How executive function skills can help you keep your New Year’s resolutions
According to U.S. News, 80 percent of New Year’s Resolutions fail by February. Clinical psychologist Joseph Luciani suggests that the reason for this is two-part: Individuals do not have tools at their disposal to maintain motivation and they are unprepared when they encounter an obstacle. Try using the executive function tools below to overcome the aforementioned challenges.
Set a goal to work toward
It’s hard to stay focused and motivated if students aren’t sure how to envision getting to the end result. Have students imagine what a completed goal looks like; it can be as big as achieving a higher grade in Spanish or something as fundamental as staying more organized in Science.
Then, have students work backwards. What steps do they need to take in order to meet this goal? For example, in order to get a higher grade in Spanish, the student may need to:
- Perform better on daily quizzes and monthly tests
- Participate more often in class
- Complete extra credit homework assignments
By laying out these specific steps, students can create a roadmap for how they get from where they are presently to their new goal. Using backward design can help students stay on track with smaller daily tasks. They can ask themselves “Is this task helping me achieve my greater goal?” if their motivation starts to wane.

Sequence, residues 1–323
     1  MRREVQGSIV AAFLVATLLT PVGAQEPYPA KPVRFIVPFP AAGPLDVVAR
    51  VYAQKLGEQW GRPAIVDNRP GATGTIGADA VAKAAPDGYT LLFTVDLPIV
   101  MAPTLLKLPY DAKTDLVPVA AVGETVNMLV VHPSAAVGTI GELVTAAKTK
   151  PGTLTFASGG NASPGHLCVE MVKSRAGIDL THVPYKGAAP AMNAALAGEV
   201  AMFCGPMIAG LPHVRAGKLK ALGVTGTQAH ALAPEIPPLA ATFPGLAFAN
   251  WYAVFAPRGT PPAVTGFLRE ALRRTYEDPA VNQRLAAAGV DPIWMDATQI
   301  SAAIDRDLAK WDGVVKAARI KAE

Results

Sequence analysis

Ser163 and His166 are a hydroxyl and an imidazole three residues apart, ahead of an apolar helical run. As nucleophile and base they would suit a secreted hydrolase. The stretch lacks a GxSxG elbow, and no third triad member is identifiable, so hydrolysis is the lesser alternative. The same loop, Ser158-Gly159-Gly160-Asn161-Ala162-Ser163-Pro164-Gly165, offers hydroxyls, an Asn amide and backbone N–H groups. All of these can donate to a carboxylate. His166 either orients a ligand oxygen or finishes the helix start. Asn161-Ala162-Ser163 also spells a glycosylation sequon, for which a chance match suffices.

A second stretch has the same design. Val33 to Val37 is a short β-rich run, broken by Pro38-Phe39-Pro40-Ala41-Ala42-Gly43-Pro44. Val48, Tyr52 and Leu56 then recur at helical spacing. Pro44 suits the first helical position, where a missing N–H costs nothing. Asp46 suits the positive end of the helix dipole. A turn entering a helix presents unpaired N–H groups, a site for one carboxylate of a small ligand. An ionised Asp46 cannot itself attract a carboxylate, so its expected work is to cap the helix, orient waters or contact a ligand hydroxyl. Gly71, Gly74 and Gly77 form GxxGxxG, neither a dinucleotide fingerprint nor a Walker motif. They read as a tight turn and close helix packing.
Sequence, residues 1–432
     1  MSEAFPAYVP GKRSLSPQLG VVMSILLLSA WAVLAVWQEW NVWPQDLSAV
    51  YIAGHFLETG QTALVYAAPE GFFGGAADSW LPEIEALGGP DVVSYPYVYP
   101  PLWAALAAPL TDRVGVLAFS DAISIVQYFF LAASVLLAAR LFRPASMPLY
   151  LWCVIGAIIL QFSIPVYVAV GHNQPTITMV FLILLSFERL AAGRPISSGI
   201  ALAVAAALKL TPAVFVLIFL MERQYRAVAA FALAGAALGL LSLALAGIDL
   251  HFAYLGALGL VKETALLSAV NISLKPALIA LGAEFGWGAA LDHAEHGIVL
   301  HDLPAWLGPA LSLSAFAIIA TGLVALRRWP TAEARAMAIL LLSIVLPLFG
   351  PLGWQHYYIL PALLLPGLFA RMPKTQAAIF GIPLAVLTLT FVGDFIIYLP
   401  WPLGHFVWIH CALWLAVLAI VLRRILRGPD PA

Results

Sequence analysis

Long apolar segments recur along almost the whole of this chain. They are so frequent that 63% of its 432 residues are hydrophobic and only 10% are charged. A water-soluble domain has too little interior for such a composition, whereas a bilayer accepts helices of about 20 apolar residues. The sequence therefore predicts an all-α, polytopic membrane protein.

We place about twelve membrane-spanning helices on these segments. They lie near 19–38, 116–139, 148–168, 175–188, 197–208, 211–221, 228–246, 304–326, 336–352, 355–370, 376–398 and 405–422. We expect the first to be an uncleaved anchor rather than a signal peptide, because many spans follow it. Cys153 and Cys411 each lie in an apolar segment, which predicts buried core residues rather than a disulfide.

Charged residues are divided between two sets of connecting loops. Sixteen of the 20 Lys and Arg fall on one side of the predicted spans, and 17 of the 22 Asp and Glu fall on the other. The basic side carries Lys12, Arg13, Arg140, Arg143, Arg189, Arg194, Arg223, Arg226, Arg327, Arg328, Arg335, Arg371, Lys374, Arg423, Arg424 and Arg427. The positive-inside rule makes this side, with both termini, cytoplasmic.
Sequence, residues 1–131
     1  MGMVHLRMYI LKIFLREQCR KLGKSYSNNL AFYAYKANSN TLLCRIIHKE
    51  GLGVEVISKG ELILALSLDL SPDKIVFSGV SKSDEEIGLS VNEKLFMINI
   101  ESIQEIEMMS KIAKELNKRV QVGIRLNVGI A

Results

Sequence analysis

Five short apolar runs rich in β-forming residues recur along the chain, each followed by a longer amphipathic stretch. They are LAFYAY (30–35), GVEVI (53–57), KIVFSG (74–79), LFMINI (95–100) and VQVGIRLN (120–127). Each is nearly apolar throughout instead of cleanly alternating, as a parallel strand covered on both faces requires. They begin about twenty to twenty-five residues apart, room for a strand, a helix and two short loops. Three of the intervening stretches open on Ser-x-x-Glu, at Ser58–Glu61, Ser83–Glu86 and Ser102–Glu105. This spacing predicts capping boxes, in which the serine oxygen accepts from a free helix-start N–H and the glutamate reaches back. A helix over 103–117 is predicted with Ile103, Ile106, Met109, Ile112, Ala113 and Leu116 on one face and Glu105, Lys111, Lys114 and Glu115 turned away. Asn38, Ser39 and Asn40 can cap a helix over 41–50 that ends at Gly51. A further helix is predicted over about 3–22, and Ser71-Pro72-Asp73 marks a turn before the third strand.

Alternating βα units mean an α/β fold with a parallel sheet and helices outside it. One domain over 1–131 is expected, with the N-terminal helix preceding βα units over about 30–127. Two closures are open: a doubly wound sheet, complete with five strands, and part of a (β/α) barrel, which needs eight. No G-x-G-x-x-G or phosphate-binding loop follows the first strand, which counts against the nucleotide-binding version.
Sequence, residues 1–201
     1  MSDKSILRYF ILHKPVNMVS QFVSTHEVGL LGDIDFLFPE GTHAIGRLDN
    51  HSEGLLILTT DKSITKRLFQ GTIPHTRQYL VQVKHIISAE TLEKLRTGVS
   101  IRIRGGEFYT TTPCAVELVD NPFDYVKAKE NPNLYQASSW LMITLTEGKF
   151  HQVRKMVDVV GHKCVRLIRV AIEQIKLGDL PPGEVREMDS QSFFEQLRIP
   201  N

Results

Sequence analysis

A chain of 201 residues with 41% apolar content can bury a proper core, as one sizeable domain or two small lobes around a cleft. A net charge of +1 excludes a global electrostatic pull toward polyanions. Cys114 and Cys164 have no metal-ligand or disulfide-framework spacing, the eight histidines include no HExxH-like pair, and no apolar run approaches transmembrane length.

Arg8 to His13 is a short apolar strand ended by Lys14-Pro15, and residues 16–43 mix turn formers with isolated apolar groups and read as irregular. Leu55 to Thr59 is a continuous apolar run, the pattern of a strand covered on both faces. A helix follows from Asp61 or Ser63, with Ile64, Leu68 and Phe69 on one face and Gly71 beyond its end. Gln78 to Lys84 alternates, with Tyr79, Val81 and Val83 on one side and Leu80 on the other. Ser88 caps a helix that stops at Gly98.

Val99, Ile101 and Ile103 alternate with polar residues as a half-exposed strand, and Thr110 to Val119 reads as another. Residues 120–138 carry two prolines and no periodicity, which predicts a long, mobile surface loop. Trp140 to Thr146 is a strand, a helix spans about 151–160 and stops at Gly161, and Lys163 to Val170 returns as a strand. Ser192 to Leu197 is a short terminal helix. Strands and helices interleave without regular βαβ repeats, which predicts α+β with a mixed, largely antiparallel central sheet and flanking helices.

But, they still need to identify how they’re going to accomplish these goals.
Schedule goals (and setbacks)
According to Luciani, when individuals change their routines and hit unexpected roadblocks, they can lose motivation. Executive functioning coach Maria Harlow offers a solution: Break down how students can meet their goals – and then schedule each task. Taking a moment to plan ahead for the day or the week can keep students organized, which is a critical tool to help them follow through on a task. Additionally, creating a schedule can help students maintain their motivation when they have an “off’ day.
Celebrate the small wins
When students complete all the tasks on their to-do lists, they should take a moment to celebrate! They are one step closer to achieving their goal. Harlow swears by a sticker chart to keep her students accountable. A sticker chart, at its core, is a way for students to keep motivated and stay focused, as they see how small, daily tasks can help them work toward larger goals.
A sticker chart isn’t the only way that students can hold themselves accountable. They can “check in” at the end of every week or use a to-do list that the can tick off when a task is complete.
With the right tools, students can reach their New Year’s goals. To help students start the New Year off right, contact Engaging Minds to schedule an appointment.